Her Royal Highness The Princess Royal officially opened a new community Diamond Wood at the University of York as part of the celebrations to mark The Queen’s Diamond Jubilee.
The Woodland Trust chose the 60 acre site at Kimberlow Hill on the University’s new £750 million Heslington East campus extension as one of just 60 Diamond Woods in the UK – one for each year of Her Majesty’s reign.
The only Diamond Wood in North Yorkshire, it will support a wide range of wildlife, as well as providing a fantastic area for the local York community to enjoy.
The Woodland Trust aims to plant six million native trees across the UK under its Jubilee Woods project, providing a lasting, living legacy to celebrate Queen Elizabeth’s reign. Three million trees have already been planted and this forthcoming planting season will see the final challenge to meet the target and help green our environment.
As Patron for the project, The Princess Royal planted a ceremonial oak tree at the University of York wood on Tuesday, 18 September, and officially declared it open.
So far, the University has planted 55,000 trees, all native to the British Isles, of which 23,000 form the Diamond Wood at Kimberlow Hill. Another 10,000 are due to be planted at Kimberlow Hill this autumn, the majority of which will be planted during a community action week in November. The trees represent a wide range of species including field maple, alder, hornbeam, ash, wild cherry, oak, mountain ash, yew, lime, hawthorn, holly, crab apple and blackthorn. Together they will form a mixed deciduous woodland, which will attract a broad range of insect and bird life, and develop an interesting woodland ground flora.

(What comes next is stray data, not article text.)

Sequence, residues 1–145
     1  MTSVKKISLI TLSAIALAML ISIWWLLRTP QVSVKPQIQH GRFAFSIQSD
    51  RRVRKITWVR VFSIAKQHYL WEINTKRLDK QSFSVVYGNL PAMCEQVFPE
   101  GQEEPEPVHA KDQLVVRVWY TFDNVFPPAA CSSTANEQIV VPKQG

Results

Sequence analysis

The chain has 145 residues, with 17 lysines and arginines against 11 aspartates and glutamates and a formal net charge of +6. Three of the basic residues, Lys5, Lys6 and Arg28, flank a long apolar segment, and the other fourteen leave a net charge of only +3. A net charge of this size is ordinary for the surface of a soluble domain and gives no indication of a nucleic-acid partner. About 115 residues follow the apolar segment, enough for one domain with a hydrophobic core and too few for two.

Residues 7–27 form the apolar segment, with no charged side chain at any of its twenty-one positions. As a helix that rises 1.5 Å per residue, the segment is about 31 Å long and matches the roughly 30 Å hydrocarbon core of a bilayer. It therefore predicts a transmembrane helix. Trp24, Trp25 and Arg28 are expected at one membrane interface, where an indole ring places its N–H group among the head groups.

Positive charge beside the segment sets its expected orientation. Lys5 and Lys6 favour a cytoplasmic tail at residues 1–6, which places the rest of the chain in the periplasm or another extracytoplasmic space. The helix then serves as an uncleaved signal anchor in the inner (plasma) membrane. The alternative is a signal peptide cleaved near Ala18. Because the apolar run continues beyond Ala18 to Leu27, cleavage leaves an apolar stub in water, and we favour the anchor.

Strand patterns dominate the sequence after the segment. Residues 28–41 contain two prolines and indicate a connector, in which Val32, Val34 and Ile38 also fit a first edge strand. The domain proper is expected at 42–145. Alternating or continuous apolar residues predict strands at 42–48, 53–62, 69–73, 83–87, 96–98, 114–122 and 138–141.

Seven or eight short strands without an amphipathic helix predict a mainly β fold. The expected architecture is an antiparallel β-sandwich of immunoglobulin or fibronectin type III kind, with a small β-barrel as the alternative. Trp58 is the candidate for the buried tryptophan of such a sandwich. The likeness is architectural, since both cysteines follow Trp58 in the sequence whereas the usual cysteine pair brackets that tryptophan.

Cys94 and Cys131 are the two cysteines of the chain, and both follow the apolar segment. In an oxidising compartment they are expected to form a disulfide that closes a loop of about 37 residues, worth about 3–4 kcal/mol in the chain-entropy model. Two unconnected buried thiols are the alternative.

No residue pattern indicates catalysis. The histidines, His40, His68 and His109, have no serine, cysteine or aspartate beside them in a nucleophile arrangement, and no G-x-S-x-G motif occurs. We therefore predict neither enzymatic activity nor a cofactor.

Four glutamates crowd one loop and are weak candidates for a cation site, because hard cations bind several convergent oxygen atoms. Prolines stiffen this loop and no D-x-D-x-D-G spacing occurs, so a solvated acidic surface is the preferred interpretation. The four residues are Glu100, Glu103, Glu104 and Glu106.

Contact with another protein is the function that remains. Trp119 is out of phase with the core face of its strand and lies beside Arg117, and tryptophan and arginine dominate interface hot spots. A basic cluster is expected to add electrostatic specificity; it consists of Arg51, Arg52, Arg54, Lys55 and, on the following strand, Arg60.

Professor Brian Cantor, Vice-Chancellor of the University of York, said: “It was a great honour to welcome Her Royal Highness to York. Our new Diamond Wood will both improve local biodiversity as well as providing an inspiring area for local people to explore, relax and enjoy.”
Georgina McLeod, Head of Jubilee Woods at the Woodland Trust, said: "We are absolutely delighted that HRH The Princess Royal was able to officially open the University of York's prestigious Diamond Wood. In just 10 years these trees will be taller than the average person and wonderful for wildlife. We very much hope that this inspires other landowners and communities to join us in paying a very special tribute to The Queen, while at the same time creating something living and lasting to hand on to future generations."
The new Diamond Wood at Kimberlow Hill forms part of the landscaping for the University’s campus extension at Heslington East, one of the biggest capital developments in UK higher education in recent years.
Landscaping, including a naturalistic lake and wetlands for wildlife, as well as the wooded areas, is dramatically improving the biodiversity of the former arable land. Birdlife in particular is already expanding with the arrival of many new species, including rare ground nesting birds, such as the little ringed plover.
Elizabeth Heaps, the University’s Pro-Vice-Chancellor for Estates and Strategic Projects, said: “The development of Heslington East has created a number of new habitats, including areas of wetland, species-rich grassland and native woodland, with the boundary of the site marked by important retained hedgerows.
“Working with colleagues at the Woodland Trust, we believe we are creating something very special at Kimberlow Hill which will help inspire a love of trees and woods for many generations to come.”